“It always makes sense to tell the truth”– Vaclav Havel, 1936-2011.

Hard as that is for each of us, it is only compounded when all of us lie. The personal is one thing, and it matters very much; the political is another: there the problem of lying is more horrible because more people are affected.

Almost a year ago I got off the plane in Prague, and was welcomed into the Vaclav Havel International Airport, which delighted me because I had flown there to walk his streets, to see the balconies from which he spoke. For two days, I did just that— walked and walked and walked again through the wonderfully-cobblestoned streets of the central city.

At a cafe one morning, I sat there with my very continental breakfast, slowly drinking my way through a pot of tea, reading Havel. The waiter, a young man who it turned out was on his first day of work, asked me what I was reading. When I told him, he smiled, and I asked what he knew of the former playwright-become-prisoner-become-president. “Not much, as I was too young. But he was a good man, a good leader for us. He told us the truth about who we are, about what our life should be.” Yes, I loved him.

Later that day I walked through the cathedral and castle grounds on the hill overlooking the city, hearing about the glory and history of Prague from a young man, a university student studying philosophy. He seemed to know everything! We came to the famous balcony, looking across the parade grounds to the cathedral, the place where Havel gave many important speeches– and I pressed in, wondering what the student thought of the relationship between the palace and the people.

At that he stumbled, articulate as he was and bright as he was, he had never thought much about the words Havel spoke as president, and the social and political life of the Czech people, wrestling as they were with the meaning of their post-communist and post-nazi life after three generations of public lies; he had not thought about the political and philosophical integrity that must exist between political speeches and life on-the-ground for the people. Of course, most of us don’t, whenever we are, wherever we are, for reasons that are terribly complex, written as they are into our very souls.

Two hundred years ago, another European, Francois duc de La Rochefoucauld, thought about the same questions, the same quandaries. Passionate for a more just society in revolutionary France, he knew that the guillotine was not an answer that would ever bring that about. Stretched taut between two visions, the French aristocracy and the French revolutionaries, he longed for a world that was not easily found— as in a different time and place, Havel had.

He wrote, “We are so much accustomed to disguise ourselves to others, that at length we disguise ourselves to ourselves.” The personal and the political, twined together in self-deception, a problem that echoes across the centuries, through every culture. Whether it is Prague or Paris or even and especially Washington, it is perhaps the most difficult task of all to tell the truth about who we are, and what our moment means.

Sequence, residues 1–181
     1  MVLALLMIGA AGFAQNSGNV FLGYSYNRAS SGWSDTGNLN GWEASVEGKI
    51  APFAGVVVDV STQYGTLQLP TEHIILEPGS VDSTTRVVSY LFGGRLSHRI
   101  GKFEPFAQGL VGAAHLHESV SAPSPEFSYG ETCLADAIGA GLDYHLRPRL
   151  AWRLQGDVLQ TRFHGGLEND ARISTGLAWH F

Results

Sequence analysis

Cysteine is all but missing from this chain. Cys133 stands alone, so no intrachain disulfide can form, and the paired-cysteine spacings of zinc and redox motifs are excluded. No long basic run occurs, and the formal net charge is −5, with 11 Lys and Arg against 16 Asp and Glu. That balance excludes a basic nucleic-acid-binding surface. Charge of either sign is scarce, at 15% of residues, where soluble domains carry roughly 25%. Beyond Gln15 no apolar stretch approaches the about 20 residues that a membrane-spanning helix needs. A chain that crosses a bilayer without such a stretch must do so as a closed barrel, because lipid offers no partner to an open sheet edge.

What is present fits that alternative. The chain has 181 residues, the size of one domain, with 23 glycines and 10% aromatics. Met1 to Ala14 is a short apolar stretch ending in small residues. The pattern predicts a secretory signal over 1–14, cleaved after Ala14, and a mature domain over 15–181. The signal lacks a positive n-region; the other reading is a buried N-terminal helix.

Eight years ago, a wise man wrote words for all of us about a different day in our history, inaugurating a different president. For years a respected op-ed columnist in the Washington Post and Newsweek, Robert Samuelson has analyzed our economic life, week by week weighing in on the choices we make about who we are and how we live, charting a course that is notably neither left nor right, not an obvious liberal and not a clear conservative. He takes the questions of our common life seriously in way that partisan loyalty does not allow. With a shot across the bow for America and its future, he wrote,

“The chasm between stump rhetoric and governing realities will haunt whoever wins. It also defines a dilemma of democracy. People want their leaders to tell the truth, but they often don’t want to hear the truth. Genuine leaders escape this trap by persuading public opinion to acknowledge distasteful problems. But these leaders are rare. Most pursue immediate popularity over truth even if this deepens long-term public mistrust.”

Yes— “we the people” it is — and we don’t often want to hear the truth about who we are and what our life should be, about what our life needs to be and must be. As Pogo said in a different time and place, “We have met the enemy, and he is us.”

The truest truths of the universe are perennial, and always cut deeper than the partisan divide—whether that is in the Czech Republic 20 years ago, in France 200 years ago, or in America this day and this year.

Steven Garber is the Senior Fellow for Vocation and the Common Good for the M. J. Murdock Charitable Trust. A teacher of many people in many places, he continues to serve as a consultant to colleges and corporations, facilitating both individual and institutional vocation. A husband, a father and a grandfather, a he has long lived in Washington DC, living a life among family, friends, and flowers.

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